|HOCH, PETER - Missouri Botanical Garden|
Submitted to: Book Chapter
Publication Type: Book / Chapter
Publication Acceptance Date: 8/31/2009
Publication Date: 1/31/2012
Citation: Hoch, P.C., Grewell, B.J. 2012. Ludwigia. Book Chapter. In: Baldwin, B.G. (convening ed.) The Jepson Manual, Vascular Plants of California, 2nd edition. Berkeley, CA: University of California Press. p. 948-951.
Interpretive Summary: Ludwigia species have become aggressive aquatic weeds in California, while former taxonomic treatments for identification are inaccurate and out of date. The Jepson Manual has become the authoritative floristic reference for the state of California, and is used by professional botanists, agency personnel, environmental consultants, conservation planners, teachers, and students as a conservation tool and a primary resource for plant identification. The 1st edition of the Jepson Manual (published 16 years ago), rapidly became out-of-date as a result of the phenomenal progress in plant systematics. This substantially revised taxonomic treatment of the Ludwigia genus is a contribution to the forthcoming 2nd edition of the Jepson Manual. The treatment is based on extensive biosystematic research of Ludwigia populations throughout California. L. hexapetala and L. peploides taxa previously thought to be native to California are now recognized as naturalized and disjunct from their native South American range. A recently introduced and naturalized invasive species, L. grandiflora, is now included.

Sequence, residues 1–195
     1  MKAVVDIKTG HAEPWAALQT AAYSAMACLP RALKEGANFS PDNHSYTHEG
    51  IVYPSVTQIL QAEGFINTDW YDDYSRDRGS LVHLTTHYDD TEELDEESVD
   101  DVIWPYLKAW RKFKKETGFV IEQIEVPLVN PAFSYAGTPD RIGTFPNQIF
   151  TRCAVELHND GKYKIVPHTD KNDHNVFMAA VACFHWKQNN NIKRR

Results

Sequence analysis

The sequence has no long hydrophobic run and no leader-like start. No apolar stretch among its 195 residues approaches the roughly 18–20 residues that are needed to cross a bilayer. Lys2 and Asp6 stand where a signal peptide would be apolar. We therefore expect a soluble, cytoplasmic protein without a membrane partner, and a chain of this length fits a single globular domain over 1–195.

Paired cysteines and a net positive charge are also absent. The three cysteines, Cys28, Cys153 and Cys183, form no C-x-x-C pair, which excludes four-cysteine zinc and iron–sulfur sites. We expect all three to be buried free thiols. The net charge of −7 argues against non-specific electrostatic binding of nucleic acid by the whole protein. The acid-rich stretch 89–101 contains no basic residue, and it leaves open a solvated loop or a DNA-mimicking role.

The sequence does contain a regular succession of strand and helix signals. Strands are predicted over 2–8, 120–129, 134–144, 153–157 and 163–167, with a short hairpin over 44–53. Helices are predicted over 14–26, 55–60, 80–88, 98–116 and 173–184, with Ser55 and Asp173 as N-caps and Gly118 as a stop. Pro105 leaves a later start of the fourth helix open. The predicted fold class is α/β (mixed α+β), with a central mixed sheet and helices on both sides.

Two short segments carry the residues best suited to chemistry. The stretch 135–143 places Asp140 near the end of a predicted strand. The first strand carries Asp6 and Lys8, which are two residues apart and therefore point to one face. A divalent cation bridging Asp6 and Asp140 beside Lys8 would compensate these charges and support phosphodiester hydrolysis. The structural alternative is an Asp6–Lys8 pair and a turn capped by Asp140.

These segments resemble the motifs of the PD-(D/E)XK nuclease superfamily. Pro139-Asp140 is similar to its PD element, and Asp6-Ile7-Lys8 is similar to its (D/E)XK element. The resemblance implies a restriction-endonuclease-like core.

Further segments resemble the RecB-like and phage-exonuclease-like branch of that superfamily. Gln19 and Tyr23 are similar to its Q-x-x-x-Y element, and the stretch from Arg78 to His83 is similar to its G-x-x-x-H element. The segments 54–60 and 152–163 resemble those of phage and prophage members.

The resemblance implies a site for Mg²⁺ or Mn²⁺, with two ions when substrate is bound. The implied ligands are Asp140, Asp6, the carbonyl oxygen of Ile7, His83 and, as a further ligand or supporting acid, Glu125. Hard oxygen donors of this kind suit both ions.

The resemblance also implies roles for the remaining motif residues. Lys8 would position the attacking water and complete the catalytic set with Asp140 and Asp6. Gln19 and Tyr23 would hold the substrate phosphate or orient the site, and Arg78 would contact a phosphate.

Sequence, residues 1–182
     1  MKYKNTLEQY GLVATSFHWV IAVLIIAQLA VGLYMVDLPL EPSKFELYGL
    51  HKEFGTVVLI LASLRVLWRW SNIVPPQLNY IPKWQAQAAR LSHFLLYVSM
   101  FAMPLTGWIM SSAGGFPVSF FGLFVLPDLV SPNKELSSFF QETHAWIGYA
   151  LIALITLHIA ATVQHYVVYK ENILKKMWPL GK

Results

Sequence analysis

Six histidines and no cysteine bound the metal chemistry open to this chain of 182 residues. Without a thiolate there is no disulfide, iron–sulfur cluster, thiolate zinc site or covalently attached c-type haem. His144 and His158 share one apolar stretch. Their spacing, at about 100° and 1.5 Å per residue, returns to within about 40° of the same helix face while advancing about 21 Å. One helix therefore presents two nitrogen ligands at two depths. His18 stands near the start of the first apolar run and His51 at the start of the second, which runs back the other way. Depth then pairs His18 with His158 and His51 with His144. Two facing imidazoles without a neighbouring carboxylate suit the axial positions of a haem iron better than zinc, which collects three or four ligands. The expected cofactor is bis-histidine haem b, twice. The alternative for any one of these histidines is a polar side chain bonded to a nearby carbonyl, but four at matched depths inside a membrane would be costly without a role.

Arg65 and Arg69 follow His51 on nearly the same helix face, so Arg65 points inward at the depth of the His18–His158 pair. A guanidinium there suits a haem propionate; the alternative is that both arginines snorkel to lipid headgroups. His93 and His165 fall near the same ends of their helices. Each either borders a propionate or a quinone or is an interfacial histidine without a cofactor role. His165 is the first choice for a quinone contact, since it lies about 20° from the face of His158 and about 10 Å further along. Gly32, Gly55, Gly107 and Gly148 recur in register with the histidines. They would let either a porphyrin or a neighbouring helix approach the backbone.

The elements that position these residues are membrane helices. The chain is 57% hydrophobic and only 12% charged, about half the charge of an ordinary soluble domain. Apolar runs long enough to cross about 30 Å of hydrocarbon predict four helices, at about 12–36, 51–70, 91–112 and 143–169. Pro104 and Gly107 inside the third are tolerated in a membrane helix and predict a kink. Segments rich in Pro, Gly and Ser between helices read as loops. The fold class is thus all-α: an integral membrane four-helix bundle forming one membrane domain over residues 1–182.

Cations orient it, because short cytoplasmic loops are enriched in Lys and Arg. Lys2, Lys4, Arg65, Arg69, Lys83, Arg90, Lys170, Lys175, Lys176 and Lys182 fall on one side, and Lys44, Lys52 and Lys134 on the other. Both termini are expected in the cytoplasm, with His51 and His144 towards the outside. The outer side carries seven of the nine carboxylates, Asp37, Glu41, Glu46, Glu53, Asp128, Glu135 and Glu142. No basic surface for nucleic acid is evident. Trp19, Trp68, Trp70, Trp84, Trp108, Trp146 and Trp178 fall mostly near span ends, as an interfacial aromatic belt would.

Technical Abstract: The Jepson Manual; Higher Plants of California is the authoritative floristic reference for the state, that has rapidly become out of date given substantial advances in plant systematics and the arrival of new exotic species. Recent aggressive spread of Ludwigia species (Onagraceae) has impacted sensitive wetlands, water conveyance canals, and rice fields in Pacific western states. Variable growth responses to environmental conditions and contradictory taxonomic keys have complicated accurate species identifications that are essential for weed management. Here we present a revised taxomomic treatment for Ludwigia (Onagraceae) found in California. The updated taxonomic descriptions and key are based on extensive biosystematics research, and considers currently available cytological, morphometric and molecular data. The treatment describes six Ludwigia taxa in California, while previously only five were recognized. The treatment now includes the recently introduced invasive weed, L. grandiflora. L. hexapetala and L. peploides taxa previously thought to be native to California are now recognized as naturalized and disjunct from their native South American range.